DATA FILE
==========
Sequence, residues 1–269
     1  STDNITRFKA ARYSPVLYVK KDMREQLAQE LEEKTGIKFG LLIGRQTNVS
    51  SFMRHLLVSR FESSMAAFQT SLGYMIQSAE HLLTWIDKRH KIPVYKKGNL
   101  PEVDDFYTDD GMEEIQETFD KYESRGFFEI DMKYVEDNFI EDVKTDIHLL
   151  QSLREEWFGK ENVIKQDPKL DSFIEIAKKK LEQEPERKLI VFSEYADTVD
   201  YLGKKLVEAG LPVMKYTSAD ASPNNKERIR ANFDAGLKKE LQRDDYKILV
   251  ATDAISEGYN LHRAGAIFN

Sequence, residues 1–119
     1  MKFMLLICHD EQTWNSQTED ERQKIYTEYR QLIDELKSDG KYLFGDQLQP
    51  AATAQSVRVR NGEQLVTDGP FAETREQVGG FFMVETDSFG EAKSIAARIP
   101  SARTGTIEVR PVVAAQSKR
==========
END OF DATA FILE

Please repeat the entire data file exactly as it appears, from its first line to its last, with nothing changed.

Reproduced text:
Sequence, residues 1–269
     1  STDNITRFKA ARYSPVLYVK KDMREQLAQE LEEKTGIKFG LLIGRQTNVS
    51  SFMRHLLVSR FESSMAAFQT SLGYMIQSAE HLLTWIDKRH KIPVYKKGNL
   101  PEVDDFYTDD GMEEIQETFD KYESRGFFEI DMKYVEDNFI EDVKTDIHLL
   151  QSLREEWFGK ENVIKQDPKL DSFIEIAKKK LEQEPERKLI VFSEYADTVD
   201  YLGKKLVEAG LPVMKYTSAD ASPNNKERIR ANFDAGLKKE LQRDDYKILV
   251  ATDAISEGYN LHRAGAIFN

Sequence, residues 1–119
     1  MKFMLLICHD EQTWNSQTED ERQKIYTEYR QLIDELKSDG KYLFGDQLQP
    51  AATAQSVRVR NGEQLVTDGP FAETREQVGG FFMVETDSFG EAKSIAARIP
   101  SARTGTIEVR PVVAAQSKR